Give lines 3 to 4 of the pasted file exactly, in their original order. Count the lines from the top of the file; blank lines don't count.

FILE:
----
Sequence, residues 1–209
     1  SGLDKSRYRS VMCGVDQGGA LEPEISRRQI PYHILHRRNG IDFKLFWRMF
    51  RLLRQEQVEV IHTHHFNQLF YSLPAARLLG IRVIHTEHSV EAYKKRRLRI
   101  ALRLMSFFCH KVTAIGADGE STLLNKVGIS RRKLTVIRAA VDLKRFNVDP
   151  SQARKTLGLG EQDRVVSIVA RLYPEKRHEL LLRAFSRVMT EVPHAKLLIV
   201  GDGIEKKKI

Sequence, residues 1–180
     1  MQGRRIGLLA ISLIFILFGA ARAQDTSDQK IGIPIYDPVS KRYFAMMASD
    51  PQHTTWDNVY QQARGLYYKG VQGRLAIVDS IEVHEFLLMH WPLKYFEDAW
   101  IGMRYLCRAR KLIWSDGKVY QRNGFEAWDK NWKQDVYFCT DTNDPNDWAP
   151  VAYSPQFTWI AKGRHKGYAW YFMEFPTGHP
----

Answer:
    51  RLLRQEQVEV IHTHHFNQLF YSLPAARLLG IRVIHTEHSV EAYKKRRLRI
   101  ALRLMSFFCH KVTAIGADGE STLLNKVGIS RRKLTVIRAA VDLKRFNVDP